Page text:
But due to injury niggles, Fraser-Pryce’s season dwindled and instead the No. 1 position seemed to change hands almost by the week through the summer. In early June, Tori Bowie – previously regarded as a long jumper – upset the sprint establishment with impressive wins in Rome and New York, only to disappear just as quickly due to injury.
Filling the vacancy that emerged was Trinidad’s Michelle-Lee Ahye, who won in Lausanne and Glasgow before pulling her hamstring. In Monaco, Bowie made a masterful comeback winning by almost two metres in a world-leading 10.80. But her injury woes returned.
So during the last part of the season, super-experienced Veronica Campbell-Brown had most success. After finishing second to Bowie in Monaco and to Nigeria’s Blessing Okagbare in the Commonwealth Games, the Jamaican went on to win the IAAF Diamond League final in Zurich, hard pressed by Ivory Coast’s Murielle Ahoure, and the Continental Cup ahead of a resurgent Ahye.
So who was the best overall? There is no simple answer, but newcomer Bowie was definitely the most impressive when fit. If she can stay healthy next year, Bowie looks like the USA’s best chance to challenge consummate championship performer Fraser-Pryce for the world title in Beijing.
This event has been dominated by two athletes for the best part of the past decade. Veronica Campbell-Brown of Jamaica and Allyson Felix of the USA have between them took all the seven global gold medals – as well as four of the silvers – between 2004 and 2012.
But this year Campbell-Brown focused on the 100m and Felix, while competing, was gradually on a return-to-form path after her hamstring pull at the 2013 World Championships. With world champion Shelly-Ann Fraser-Pryce having an off-year due to injury, the event was open for new challengers.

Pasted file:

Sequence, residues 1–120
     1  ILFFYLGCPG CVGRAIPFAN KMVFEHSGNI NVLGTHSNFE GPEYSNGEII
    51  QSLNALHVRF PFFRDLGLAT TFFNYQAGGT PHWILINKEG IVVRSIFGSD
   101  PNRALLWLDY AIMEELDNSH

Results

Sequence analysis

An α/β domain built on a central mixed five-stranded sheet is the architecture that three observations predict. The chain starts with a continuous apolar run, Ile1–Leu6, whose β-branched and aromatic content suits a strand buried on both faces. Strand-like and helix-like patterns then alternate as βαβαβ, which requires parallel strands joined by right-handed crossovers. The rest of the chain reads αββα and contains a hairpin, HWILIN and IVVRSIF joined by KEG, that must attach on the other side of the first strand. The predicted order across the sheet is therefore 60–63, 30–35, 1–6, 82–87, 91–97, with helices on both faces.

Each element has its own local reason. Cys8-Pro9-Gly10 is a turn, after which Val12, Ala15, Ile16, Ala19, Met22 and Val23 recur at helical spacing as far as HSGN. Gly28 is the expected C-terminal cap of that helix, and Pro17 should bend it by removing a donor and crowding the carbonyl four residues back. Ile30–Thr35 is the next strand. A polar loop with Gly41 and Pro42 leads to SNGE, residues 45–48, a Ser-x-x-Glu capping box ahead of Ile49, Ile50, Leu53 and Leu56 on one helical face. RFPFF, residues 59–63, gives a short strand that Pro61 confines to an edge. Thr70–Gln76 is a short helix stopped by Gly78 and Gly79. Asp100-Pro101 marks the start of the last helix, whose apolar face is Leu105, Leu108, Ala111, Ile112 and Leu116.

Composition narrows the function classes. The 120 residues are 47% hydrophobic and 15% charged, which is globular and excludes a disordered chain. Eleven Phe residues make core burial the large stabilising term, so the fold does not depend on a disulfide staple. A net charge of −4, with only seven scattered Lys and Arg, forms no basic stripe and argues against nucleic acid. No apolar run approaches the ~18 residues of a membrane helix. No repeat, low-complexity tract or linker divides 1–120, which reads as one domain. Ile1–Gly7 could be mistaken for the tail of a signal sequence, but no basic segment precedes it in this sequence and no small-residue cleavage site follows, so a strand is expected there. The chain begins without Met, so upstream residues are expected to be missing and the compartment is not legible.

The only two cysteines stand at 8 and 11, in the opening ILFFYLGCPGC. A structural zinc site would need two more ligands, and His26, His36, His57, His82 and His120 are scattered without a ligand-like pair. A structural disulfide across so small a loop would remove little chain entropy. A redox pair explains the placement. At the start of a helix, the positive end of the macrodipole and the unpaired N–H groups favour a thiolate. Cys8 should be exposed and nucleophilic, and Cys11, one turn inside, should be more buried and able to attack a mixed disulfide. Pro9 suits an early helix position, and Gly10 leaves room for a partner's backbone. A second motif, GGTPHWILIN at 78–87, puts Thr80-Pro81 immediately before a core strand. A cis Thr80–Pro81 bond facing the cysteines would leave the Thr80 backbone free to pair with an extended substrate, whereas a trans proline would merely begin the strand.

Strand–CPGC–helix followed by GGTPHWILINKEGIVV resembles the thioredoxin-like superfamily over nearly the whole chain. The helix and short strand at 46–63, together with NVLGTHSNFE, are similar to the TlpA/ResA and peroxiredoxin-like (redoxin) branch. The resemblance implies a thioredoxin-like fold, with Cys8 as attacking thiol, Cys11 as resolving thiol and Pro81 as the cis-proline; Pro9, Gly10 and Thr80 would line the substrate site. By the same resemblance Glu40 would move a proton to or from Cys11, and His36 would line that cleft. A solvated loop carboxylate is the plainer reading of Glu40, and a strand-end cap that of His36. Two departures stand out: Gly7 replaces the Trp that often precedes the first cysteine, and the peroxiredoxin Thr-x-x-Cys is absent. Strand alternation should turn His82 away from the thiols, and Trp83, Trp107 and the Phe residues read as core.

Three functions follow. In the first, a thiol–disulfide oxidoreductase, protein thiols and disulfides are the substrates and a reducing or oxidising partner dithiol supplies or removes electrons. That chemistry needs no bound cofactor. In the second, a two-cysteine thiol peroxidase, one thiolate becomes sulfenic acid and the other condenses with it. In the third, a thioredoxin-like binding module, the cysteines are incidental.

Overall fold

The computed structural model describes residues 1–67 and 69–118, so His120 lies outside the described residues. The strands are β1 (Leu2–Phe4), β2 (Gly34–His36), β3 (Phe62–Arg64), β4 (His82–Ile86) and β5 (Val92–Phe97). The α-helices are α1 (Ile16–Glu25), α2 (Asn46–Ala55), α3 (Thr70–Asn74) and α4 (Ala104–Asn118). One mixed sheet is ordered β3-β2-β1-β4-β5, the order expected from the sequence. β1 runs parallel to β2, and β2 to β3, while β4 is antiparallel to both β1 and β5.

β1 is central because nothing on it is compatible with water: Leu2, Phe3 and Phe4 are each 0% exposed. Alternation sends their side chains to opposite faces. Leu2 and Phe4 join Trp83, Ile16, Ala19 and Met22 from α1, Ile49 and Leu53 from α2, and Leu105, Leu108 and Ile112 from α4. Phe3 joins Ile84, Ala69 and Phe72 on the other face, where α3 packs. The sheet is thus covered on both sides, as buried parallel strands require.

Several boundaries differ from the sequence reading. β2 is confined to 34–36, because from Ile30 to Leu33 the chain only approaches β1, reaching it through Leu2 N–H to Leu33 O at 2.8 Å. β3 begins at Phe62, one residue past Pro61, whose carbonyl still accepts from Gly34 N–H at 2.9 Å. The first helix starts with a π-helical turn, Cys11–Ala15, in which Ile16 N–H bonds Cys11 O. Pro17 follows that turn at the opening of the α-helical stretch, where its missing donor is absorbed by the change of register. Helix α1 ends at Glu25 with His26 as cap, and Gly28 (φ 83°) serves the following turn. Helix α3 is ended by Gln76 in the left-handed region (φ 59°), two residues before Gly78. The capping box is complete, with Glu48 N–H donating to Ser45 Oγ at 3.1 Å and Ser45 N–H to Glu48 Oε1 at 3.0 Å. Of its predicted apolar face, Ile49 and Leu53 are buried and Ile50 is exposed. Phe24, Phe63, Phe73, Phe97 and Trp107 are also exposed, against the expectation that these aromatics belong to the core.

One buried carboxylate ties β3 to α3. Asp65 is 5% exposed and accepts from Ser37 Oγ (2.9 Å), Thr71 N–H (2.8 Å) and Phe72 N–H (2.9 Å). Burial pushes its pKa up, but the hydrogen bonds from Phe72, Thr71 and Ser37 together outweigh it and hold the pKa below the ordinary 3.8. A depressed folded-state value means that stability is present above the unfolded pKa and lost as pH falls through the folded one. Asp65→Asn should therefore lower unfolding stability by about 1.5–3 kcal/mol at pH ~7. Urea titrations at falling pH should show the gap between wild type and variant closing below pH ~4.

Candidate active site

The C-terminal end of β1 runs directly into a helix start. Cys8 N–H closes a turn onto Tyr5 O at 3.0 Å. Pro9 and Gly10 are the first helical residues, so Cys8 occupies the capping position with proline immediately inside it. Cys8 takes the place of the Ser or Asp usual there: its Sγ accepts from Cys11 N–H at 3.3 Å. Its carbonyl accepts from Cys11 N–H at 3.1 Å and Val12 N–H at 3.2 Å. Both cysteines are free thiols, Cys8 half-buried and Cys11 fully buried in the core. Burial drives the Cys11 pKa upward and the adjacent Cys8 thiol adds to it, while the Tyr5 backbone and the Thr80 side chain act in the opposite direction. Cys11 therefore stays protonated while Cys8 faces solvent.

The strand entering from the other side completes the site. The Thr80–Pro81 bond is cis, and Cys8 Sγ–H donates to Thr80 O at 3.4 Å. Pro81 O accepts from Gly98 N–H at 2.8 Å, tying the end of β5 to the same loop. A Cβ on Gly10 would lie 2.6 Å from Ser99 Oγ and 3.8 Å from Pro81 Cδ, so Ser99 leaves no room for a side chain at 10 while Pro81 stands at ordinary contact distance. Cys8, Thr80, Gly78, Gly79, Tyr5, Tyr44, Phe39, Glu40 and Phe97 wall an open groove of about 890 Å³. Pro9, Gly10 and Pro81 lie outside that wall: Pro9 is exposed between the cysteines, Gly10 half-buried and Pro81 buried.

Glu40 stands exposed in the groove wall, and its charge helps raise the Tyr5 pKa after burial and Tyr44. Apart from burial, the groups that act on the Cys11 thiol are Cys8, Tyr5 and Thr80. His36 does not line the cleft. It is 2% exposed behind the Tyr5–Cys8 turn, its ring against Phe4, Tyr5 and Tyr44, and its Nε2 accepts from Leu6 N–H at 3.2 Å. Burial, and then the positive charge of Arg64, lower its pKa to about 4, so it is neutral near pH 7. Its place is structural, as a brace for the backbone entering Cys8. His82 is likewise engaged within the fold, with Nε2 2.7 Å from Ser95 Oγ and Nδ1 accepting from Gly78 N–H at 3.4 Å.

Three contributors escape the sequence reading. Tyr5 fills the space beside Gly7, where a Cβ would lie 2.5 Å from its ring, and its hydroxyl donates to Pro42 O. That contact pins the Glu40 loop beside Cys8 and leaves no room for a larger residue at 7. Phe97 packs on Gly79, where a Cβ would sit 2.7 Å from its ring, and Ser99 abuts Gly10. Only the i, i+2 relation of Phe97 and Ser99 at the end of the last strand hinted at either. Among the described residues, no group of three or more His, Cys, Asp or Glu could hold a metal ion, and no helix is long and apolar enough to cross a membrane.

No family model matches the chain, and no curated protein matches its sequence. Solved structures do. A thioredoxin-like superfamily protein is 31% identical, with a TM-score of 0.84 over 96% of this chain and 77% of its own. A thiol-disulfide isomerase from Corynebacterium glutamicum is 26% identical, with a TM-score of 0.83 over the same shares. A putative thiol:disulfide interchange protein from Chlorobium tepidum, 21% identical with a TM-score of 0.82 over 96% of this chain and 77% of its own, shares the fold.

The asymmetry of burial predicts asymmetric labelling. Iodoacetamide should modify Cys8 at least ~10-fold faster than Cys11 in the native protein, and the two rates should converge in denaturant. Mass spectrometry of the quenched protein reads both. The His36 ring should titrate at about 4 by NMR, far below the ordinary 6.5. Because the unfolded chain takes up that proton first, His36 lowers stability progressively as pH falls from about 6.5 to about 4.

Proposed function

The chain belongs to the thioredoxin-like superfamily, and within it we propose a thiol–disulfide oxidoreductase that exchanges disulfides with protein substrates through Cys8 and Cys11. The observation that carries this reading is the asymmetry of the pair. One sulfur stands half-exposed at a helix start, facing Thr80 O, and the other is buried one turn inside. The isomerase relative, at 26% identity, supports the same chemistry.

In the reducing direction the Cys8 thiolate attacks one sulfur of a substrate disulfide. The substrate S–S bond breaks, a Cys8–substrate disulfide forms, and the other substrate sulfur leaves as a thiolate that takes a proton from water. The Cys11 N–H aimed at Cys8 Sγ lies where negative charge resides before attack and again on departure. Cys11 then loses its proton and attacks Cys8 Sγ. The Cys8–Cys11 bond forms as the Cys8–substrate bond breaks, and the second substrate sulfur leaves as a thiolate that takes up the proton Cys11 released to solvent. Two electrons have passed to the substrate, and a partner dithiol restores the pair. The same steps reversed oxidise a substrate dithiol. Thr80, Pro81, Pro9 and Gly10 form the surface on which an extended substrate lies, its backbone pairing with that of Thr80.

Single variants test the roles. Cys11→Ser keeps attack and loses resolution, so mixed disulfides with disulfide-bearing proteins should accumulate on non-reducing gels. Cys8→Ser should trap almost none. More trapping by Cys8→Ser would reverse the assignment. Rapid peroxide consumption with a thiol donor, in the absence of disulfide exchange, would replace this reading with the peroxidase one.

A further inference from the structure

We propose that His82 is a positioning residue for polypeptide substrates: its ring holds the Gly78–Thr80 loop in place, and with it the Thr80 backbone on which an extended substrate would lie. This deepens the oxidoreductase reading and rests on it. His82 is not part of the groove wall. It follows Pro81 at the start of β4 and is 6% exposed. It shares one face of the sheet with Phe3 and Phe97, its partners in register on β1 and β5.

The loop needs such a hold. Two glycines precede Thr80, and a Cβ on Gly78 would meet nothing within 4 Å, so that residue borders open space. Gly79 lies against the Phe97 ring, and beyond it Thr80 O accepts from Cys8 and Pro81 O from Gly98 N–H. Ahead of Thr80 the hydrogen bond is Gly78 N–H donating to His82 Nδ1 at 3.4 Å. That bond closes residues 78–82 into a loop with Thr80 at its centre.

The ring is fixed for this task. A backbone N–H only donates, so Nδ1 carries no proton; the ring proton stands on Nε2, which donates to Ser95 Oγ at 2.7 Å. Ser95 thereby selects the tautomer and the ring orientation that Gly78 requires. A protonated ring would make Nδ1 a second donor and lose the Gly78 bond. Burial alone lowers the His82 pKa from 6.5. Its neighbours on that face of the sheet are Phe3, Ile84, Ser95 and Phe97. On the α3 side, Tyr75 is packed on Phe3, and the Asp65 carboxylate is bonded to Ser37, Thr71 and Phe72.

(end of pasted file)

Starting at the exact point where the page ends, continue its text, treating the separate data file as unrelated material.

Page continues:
Dutch heptathlete Dafne Schippers provided the most impressive performance of the year when, in unfavourable wet and windy weather, she powered to a 22.03 win at the European Championships in Zurich. She also beat a quality field, which included Felix, at the Glasgow IAAF Diamond League meeting and went on to end her season with victory at the Continental Cup.
But despite her sprinting success in 2014, Schippers reportedly maintains that the heptathlon remains her priority.
Other young challengers emerged in 2014. British teen prodigy Jodie Williams, now 21, finally lowered her four-year-old PB to 22.46 and collected silver at both the Commonwealth Games, behind Nigeria’s versatile Blessing Okagbare, and the European Championships.
But still the most exciting prospect – just like in the 100m – could be former long jumper Tori Bowie. Coming into this year with a 23.99 PB from 2009, Bowie shocked everyone at the Prefontaine Classic in Eugene in late May, running 22.18 from lane one to defeat all the specialists. Unfortunately recurring injuries prevented the 23-year-old from having a full season.
Jamaican veteran Novlene Williams-Mills had a perfect start to the season, winning the first three IAAF Diamond League events and the national title. But during the rest of the summer she was involved in a three-way battle for the top position with Francena McCorory and Sanya Richards-Ross of the USA.
Williams-Mills won in Stockholm, McCorory in New York and Glasgow and Richards-Ross in Paris and the IAAF Diamond League final in Brussels. World indoor champion McCorory – who ran a world-leading 49.48 at the US Championships – got the final word by narrowly defeating Williams-Mills at the Continental Cup.
Always there from May to September was the second Jamaican, Stephenie Ann McPherson who finished between second and fourth in all seven of her IAAF Diamond League races but whose only major win was the Commonwealth Games where she was one step ahead of Williams-Mills.
All four of these athletes were well established at the top level before 2014, so too was European champion Libania Grenot. But there was one youngster on the US collegiate scene that could have mixed it up with the major players.
With her PB of 50.03, 20-year-old Courtney Okolo was third on the world list, behind only McCorory and Richards-Ross, and won the NCAA title in 50.23.
Traditionally Russia has provided the main challenge to the US for the best depth in this event, but this year the leading Russian was just 30th on the world list. Four years ago, they had four in the top 10 and even as recently as last year they had two in the world’s top four, and five in the top 17.
Mirko Jalava (men’s events) and A Lennart Julin (women’s events) for the IAAF